Refashioners 2015 entry – Alternative angles

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This will be my entry for Refashioners 2015

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I bought this shirt for £2.99 from Roundabout Sheffield which is a local charity for homeless young people, so a worthy cause.

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It was originally from River Island and was in very good condition, fabric 55% cotton, 45% polyester.

There was a bit of shoulder detail but otherwise pretty standard stuff in a pleasant pale blue with a subtle white stripe.

I thought I would use the back to front and hoiked up method with a neckline embellishment to make a new ladies top, but I did not want to keep the button placket

I began the deconstruction, removing the collar and pockets.

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Then the sleeves, and because I knew I would need all the width I could get, I undid the button placket which gave me a couple more centimetres.  Now I was left with just fabric.

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My seam ripper was seeing a big piece of the action, but there was a seam ripping incident which left me with a small hole which I had to repair.

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In my opinion, a refashion should retain some features of the original garment.  If all you do is harvest the fabric to use with a commercial pattern, that is fabric recycling and does not involve the creative thinking outside the box involved in a refashion.  I’m not saying its bad, in fact its a good idea, but not what I will be doing here.

Anyway, enough pontificating, I draped the fabric around me and it occurred to me that the armholes looked a bit like a neckline, so I turned the shirt round 90 degrees.

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This puts the original armpit right slap bang in the middle of the new neckline so a good condition shirt was essential.

It also occurred to me that the collar would make a good addition to the neckline.  It was at this point I introduced a contrast fabric.  This contrast fabric came from another top I bought from a charity shop.  It was quite a nice little smock top which I could have worn as it was, and I’m a bit ashamed of the mutilation I inflicted on it, so I’m not going to show it to you intact.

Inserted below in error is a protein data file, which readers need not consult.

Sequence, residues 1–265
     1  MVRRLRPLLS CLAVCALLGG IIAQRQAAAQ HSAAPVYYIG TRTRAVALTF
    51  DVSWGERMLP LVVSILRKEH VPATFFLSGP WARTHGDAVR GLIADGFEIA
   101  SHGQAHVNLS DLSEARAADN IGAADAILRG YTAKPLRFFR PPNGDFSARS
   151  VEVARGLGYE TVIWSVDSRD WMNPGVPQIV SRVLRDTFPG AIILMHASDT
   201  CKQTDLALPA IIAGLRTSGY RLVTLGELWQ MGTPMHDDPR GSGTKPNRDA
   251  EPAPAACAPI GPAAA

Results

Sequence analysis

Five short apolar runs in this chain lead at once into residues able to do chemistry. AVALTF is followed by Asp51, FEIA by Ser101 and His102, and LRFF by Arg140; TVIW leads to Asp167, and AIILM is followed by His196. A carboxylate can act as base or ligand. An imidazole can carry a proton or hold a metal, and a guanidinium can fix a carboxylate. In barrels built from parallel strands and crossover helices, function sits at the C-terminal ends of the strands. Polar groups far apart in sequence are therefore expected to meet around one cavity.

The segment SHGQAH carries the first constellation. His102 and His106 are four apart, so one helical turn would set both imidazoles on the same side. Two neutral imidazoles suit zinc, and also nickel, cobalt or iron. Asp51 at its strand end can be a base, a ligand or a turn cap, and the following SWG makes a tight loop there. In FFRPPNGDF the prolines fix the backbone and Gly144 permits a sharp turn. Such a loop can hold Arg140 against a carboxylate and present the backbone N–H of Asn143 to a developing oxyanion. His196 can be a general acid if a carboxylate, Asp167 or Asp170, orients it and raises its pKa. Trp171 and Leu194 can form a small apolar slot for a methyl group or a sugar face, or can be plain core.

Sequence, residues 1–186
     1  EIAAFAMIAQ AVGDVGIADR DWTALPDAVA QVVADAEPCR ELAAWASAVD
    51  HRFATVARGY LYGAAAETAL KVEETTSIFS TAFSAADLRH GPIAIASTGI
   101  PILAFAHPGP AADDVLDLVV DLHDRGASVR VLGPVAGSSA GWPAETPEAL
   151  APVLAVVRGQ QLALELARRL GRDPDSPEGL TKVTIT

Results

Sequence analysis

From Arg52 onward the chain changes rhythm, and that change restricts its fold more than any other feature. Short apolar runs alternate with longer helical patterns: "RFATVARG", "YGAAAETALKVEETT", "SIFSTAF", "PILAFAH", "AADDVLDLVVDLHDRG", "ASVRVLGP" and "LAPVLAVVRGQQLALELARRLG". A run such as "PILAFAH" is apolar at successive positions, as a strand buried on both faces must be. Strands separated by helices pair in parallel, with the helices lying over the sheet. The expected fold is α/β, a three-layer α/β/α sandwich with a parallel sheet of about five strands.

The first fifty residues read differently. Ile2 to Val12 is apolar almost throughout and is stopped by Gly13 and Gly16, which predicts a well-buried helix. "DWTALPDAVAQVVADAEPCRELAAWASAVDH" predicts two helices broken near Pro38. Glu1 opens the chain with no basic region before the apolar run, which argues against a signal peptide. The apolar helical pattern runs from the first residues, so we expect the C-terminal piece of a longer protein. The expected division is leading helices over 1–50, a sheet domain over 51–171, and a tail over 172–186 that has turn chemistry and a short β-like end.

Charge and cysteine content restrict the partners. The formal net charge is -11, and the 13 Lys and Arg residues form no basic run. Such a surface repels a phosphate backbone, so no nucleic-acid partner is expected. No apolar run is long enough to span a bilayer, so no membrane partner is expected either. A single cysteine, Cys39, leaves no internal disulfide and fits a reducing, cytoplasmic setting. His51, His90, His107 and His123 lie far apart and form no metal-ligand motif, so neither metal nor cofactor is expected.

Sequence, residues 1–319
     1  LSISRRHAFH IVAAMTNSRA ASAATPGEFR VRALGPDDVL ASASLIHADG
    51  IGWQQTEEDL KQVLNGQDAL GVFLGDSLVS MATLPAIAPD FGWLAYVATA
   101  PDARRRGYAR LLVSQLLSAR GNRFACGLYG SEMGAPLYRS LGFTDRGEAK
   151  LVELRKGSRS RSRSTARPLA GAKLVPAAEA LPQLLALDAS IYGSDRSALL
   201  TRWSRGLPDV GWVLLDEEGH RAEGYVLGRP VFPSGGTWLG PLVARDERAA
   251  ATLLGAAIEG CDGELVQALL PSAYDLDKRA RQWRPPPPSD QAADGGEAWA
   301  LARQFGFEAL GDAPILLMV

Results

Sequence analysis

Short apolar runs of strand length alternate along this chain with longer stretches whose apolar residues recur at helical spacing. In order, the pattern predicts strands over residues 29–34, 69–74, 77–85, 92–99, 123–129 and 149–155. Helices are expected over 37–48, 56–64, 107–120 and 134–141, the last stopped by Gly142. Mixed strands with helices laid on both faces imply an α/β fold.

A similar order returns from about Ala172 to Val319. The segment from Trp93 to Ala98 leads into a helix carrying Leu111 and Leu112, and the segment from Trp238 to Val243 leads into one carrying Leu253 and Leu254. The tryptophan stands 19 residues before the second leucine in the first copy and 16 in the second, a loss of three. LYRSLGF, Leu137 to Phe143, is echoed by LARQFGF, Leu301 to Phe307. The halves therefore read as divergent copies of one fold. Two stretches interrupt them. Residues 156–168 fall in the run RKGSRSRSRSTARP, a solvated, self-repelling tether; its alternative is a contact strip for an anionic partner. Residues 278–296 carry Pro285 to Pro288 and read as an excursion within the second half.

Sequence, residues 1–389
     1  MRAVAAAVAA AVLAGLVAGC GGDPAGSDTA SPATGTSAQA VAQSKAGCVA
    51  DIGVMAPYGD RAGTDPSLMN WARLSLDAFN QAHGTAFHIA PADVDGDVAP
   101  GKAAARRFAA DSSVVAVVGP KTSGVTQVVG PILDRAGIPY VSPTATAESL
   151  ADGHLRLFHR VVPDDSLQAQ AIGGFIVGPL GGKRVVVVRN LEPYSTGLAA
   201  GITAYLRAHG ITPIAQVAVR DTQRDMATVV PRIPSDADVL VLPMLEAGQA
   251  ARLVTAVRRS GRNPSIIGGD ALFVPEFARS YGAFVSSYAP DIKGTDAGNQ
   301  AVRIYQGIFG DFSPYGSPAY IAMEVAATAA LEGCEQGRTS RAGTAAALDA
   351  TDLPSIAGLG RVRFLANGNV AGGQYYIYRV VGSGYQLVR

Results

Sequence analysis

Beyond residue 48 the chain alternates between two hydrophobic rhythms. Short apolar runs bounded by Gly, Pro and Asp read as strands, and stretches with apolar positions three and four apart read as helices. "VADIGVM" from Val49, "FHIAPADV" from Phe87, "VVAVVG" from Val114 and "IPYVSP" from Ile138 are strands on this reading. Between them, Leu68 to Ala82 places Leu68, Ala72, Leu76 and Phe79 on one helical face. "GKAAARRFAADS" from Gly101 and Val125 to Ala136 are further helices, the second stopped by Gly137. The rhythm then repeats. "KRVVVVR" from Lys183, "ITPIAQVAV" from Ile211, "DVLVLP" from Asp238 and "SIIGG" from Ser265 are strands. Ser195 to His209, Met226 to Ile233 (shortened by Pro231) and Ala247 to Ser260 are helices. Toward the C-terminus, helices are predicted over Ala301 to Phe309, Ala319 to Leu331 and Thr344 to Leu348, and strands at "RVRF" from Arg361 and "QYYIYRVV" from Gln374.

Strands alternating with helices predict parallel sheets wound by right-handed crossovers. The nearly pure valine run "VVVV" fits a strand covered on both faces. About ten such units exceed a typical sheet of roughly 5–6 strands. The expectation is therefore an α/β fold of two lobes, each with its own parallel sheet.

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Now I added simple cuff sleeves.  On one side I had to make an armhole where no hole had existed before.  My first attempt at sleeves went wrong and there was not enough fabric to repeat the process so I had to sew some pieces together to make a big enough piece for more sleeves.

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You can see my multiple layers of tacking, in fact I used tacking throughout.  It felt as if I was making the shirt twice, once in tacking and once with the machine.

The back needed something to hold it together, so I used the sleeve button hole and the small pieces from the shoulder detail, binding with the contrast fabric.

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The front of the top still looked a bit plain so I made a badge by cutting out some flowers and used tiny hand stitches to sew them on.  I first sewed the flower fabric onto wonderweb for re-inforcement.

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With all the hard work over I was really enjoying myself and added a couple of small contrast triangles to the bottom of the sides.

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Then I stitched the two pockets together to make one new pocket for the bottom of the front, replacing the buttons with flowers.

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I am really loving those flowers.  Actually this pocket helped to hold the drape of the fabric down in this area, it had a tendancy to stick out a bit, having been the side seam in its previous life.

In a final flourish I made a patch out of the River Island logo and sewed it to the bottom of the back to perform the same dual function here.

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So that’s it I’ve finished.  This has not been one of those ‘just knocked it together in 30 minutes’ jobbies, but I wanted to challenge myself a bit.

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I’ve had a quite a lot of wear out of this top, including on recent holiday to Split.

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What I like is the fit of the sleeves, there is virtually not ride up when I lift my arms up.  I also like the pocket.  It’s great for holding tickets or boarding pass or anything heavier like a phone short term.

I have my eye on a shirt on the other side of the wardrobe to repeat this refashion.  It will be easier second time around.

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